The Museum of Flying is Landing at Santa Monica Airport

by G. Rockmael

Cleared for takeoff after being grounded for 10 years, the Museum of Flying, with its engines roaring at full throttle, goes airborne at Santa Monica Airport. The new and improved aviation themed museum designed by Rick Solberg, features many educational, interactive and innovative displays. The main gallery which concentrates on the contributions of the Wright brothers includes a replica of the Wright flyer.

Being in close proximity to Hollywood, movie studios have frequently used the Santa Monica Airport and aircraft based there in their productions. With its connection to Hollywood, it seems apropos to have a Hollywood in Aviation presentation, with its BD-5 Micro-jet that was famously featured in the James Bond movie Octopussy.

Children are at the focus of the Air Adventure exhibit designed to delight and inspire young, future pilots, engineers and educators with interactive displays and a computerized flight simulator.

Museum patrons who visited the previous iteration of the Museum of Flying will notice that it is less than two-thirds the size of its predecessor. However, like the BD-5 Micro-jet, great things come in small packages. What the Museum of Flying lacks in size and quantity it makes up for with an updated, upgraded and inventive approach to its exhibits and interior design. All of the presentations are concentrated into a more manageable space which will benefit everyone.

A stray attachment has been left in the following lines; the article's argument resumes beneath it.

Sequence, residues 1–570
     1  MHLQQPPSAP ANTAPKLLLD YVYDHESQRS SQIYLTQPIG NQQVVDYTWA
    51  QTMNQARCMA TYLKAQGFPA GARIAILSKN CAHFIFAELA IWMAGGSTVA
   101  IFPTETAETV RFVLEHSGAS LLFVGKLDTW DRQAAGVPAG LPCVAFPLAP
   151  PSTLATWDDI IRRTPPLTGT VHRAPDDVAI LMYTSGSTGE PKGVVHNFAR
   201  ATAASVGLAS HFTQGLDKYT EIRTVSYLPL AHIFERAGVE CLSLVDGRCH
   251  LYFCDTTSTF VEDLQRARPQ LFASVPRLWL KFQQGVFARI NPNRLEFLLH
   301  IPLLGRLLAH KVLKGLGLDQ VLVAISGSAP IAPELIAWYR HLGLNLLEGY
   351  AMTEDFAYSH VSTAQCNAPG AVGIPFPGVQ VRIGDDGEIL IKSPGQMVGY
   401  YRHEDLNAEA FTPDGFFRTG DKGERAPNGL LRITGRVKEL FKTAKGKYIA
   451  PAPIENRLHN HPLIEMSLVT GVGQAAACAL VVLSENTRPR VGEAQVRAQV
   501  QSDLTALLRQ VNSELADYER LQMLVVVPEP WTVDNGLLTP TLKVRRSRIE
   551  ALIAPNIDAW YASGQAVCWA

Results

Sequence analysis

Other features of special interest include a theater that screens rare and historical footage of early aviation documentaries and aviation themed Hollywood movies. A re-creation of the Douglas Boardroom has been incorporated into the mezzanine which will accommodate small gatherings. Whether an aviation historian or aviation buff, museum patrons will have access to an aviation themed library. For an up-close and personal experience with aviation there is a collection of about 20 aircraft on display, including rotating and visiting examples, chronicling the world’s fascination with flight.

If all that exploring has worked up an appetite fit for a pilot, there are a couple of restaurants within an easy stroll from the museum. If casual dining is what suits you, grab a bite at the Spitfire Grill. If a more sophisticated dining experience is what you desire, saunter over to Typhoon.

“Pilots” and “passengers” will be able to board the Museum of Flying in the first quarter of this year. Have your boarding pass ready and enjoy the flight!